In product liability claims involving supposed design defects, the plaintiff asserts that the product was defectively designed – and the issue is thus present in all of the same products.  As such, the effects of the defective design may be more easily replicable than the effects of defective manufacture.  In reality, however, defective design claims are quite complicated to litigate as they necessarily involve the extensive use of experts on both the plaintiff’s-side and defendant’s-side.  As commercial defendants typically have extensive financial resources, and perhaps more importantly, access to key industry experts, it can be an uphill battle to prove that the defendant’s product was defectively designed, and further, that the defective design was the cause-in-fact of the plaintiff’s injuries.

In California, two tests see frequent use in assessing defective design product liability claims: the consumer expectations test and the risk-utility test (otherwise known as the risk-benefit test).  Plaintiffs involved in defective design product liability litigation should be prepared for the possibility that their claim will be considered under both the consumer expectation and risk-utility tests.

The Consumer Expectations Test

The advantage of the consumer expectations test is that it is easy to understand from the laymen’s perspective.  Under the consumer expectations test, a product’s design will be deemed defective if it fails to perform as safely as an ordinary consumer would expect it to perform.  Because the defectiveness of the design in the consumer expectations test is dependent on popular intuition as opposed to raw data and industry qualifications, the value of expert testimony is minimized substantially.  To an extent, the consumer expectations test is beneficial to the plaintiff as it evens the playing field by minimizing the importance of industry and design experts.

The Risk-Utility Test

Under the risky-utility test, once the plaintiff proves that the defective product design caused their injuries, the burden of proof shifts completely to the defendant.  The defendant has to either show that the utility of the "defective" product design outweighs the risk of the design.  If the defendant cannot show that the utility outweighs the risks, then the plaintiff will win the case.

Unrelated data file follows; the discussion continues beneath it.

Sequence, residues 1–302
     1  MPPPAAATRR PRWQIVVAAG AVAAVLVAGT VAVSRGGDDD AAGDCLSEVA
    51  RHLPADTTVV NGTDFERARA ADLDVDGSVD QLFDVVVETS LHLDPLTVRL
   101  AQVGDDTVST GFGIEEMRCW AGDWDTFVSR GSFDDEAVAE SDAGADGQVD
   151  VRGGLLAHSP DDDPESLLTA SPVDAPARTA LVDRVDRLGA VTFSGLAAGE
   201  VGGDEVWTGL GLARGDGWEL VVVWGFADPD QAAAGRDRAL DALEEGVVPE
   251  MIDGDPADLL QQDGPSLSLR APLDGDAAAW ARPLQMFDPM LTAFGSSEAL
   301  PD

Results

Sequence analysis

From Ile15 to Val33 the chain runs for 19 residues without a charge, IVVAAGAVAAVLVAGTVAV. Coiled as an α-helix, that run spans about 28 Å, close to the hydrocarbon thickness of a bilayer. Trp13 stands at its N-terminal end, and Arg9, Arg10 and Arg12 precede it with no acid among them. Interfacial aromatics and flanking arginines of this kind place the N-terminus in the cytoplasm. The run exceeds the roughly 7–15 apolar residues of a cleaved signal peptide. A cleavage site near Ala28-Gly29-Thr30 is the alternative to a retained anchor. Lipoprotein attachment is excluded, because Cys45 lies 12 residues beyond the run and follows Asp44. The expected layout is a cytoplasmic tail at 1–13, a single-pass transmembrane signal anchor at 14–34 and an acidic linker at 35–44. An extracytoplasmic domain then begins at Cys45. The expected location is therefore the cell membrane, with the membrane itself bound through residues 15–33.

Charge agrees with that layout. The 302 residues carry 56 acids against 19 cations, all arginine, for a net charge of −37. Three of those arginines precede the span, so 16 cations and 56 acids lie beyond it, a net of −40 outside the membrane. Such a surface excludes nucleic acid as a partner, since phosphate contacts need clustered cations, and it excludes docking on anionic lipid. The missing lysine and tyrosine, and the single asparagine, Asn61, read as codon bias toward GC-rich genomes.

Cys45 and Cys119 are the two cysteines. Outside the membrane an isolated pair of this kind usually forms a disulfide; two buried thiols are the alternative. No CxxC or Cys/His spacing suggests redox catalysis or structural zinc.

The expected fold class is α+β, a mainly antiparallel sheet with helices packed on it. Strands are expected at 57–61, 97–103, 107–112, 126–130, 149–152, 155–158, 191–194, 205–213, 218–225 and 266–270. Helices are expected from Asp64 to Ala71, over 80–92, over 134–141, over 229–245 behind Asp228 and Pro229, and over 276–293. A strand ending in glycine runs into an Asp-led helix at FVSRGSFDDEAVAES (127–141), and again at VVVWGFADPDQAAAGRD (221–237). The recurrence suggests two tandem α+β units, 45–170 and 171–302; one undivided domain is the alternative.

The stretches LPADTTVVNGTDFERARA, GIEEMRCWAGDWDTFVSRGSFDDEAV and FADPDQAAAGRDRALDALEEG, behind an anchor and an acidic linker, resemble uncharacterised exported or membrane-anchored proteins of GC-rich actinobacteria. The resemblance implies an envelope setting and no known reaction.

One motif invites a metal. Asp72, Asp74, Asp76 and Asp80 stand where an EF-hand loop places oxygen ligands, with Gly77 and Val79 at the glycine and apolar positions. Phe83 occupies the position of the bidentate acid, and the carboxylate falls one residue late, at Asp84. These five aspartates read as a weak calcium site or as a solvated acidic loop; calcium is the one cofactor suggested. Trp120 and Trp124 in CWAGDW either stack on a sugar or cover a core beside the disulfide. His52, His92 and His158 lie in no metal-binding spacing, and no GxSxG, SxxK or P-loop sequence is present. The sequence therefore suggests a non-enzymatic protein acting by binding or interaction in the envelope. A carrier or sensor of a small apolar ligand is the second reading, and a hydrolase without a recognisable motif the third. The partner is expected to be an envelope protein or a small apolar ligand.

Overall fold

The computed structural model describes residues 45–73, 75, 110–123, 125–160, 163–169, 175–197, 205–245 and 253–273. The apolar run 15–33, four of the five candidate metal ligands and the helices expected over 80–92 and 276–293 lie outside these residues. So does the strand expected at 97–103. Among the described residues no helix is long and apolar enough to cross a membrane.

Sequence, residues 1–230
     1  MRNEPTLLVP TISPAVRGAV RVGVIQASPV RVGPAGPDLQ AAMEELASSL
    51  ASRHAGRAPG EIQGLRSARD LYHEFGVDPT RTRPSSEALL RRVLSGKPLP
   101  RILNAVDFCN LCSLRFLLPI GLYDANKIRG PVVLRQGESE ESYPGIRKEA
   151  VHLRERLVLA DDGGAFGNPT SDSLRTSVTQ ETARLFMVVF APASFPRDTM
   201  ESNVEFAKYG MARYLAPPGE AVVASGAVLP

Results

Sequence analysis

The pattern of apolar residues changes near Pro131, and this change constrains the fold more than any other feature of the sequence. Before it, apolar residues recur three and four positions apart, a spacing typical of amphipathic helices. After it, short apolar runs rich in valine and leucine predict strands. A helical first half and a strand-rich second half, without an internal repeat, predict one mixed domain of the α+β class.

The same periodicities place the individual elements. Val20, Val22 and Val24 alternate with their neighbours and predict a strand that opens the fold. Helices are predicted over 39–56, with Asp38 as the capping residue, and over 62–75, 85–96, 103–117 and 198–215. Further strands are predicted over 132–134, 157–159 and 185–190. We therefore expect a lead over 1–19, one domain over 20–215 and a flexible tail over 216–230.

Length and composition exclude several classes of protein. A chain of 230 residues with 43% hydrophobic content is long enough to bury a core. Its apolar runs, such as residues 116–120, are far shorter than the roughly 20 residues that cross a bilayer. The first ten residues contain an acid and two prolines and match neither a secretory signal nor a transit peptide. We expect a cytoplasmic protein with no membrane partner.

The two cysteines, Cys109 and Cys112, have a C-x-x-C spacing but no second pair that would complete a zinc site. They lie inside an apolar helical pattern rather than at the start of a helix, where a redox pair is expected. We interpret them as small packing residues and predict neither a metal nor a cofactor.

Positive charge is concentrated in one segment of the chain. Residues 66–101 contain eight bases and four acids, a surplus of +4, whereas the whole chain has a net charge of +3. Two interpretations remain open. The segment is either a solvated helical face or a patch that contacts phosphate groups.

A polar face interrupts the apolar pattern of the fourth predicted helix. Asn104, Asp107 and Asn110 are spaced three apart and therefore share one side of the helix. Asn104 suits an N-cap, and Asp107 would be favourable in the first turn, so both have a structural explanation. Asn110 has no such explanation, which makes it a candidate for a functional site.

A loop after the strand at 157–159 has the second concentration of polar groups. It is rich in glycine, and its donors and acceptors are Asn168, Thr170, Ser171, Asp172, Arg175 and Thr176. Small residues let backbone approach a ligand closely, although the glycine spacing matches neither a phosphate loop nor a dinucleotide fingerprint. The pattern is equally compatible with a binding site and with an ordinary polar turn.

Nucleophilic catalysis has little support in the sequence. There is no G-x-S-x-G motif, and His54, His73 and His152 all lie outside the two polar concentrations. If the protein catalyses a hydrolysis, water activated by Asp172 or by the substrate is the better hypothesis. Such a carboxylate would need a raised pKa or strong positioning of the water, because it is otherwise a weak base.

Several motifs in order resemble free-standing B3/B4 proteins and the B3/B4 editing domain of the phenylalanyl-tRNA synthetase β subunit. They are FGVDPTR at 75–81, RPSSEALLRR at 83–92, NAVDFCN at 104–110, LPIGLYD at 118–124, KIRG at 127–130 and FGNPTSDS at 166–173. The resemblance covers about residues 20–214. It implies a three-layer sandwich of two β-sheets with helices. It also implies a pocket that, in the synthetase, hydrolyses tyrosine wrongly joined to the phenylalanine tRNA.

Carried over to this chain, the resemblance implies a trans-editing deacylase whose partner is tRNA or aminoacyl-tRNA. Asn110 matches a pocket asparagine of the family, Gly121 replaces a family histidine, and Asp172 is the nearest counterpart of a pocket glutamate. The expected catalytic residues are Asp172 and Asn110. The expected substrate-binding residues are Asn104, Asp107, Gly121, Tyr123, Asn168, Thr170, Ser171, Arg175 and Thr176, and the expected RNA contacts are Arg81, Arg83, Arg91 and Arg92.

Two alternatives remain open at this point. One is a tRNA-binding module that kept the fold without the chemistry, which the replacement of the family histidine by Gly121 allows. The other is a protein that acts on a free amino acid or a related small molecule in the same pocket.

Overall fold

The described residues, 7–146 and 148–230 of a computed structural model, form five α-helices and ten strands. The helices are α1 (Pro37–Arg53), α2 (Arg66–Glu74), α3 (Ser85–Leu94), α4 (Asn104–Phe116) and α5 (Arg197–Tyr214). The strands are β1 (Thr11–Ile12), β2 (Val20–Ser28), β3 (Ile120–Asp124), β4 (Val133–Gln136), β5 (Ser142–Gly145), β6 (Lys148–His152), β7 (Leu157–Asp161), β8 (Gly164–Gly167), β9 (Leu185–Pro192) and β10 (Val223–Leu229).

Unlike the consumer expectations test, which is almost entirely subjective (depends on the subjective intuitions of ordinary consumers as to the safety of the product), the risk-utility test attempts to incorporate some semblance of objective analysis.  In showing that the utility (otherwise known as the benefits) outweighs the risks, or vice-versa, counsel for each side will argue the balance of relevant factors.  Relevant factors include the risk of harm and seriousness of such harm, the feasibility of an alternative design, and the disadvantages inherent to any safer alternative designs.

Failure to Warn of Hazards

Under California strict product liability, a defendant who is aware that consumers are using their product in a reasonably foreseeable manner that exposes them to a risk of harm must warn those consumers of the risk of harm.  In doing so, the defendant’s warning is expected to alter the behavior of consumers so that the potential harm can be avoided.  If the behavior of a plaintiff would not have changed – and thus, the injury would not have been avoided – when given the warning, then the defendant’s failure to warn cannot be used to hold them liable for the plaintiff’s injuries.  The defendant can only be held liable for a failure to warn when such failure could have altered the outcome.

Another concern worth noting is that of knowledge, from the perspective of both the commercial defendant and the plaintiff-consumer.

Defendants are only required to warn of potential risks of harm that an ordinary consumer would not have otherwise surmised.  In other words, if a typical consumer would have become aware of the risk of harm on his or her own, then the defendant cannot be held liable for failing to warn of an already-known hazard.

Similarly, whether the defendant should have been aware of their own product’s risk of harm is a determination based on the average skill and knowledge of an industry expert.  For example, an electric fan producer that has built a defective fan posing an additional risk of harm would be held to the standard of the average skillful, knowledgeable electric fan industry expert.  If an expert would have become aware of the additional risk of harm from the defective fan, then the defendant is on-the-hook for such knowledge.  On the other hand, if an expert would not have become aware of any additional risk of harm or hazards, then the defendant cannot be held liable for failing to warn of risks that even an industry expert would not have themselves surmised.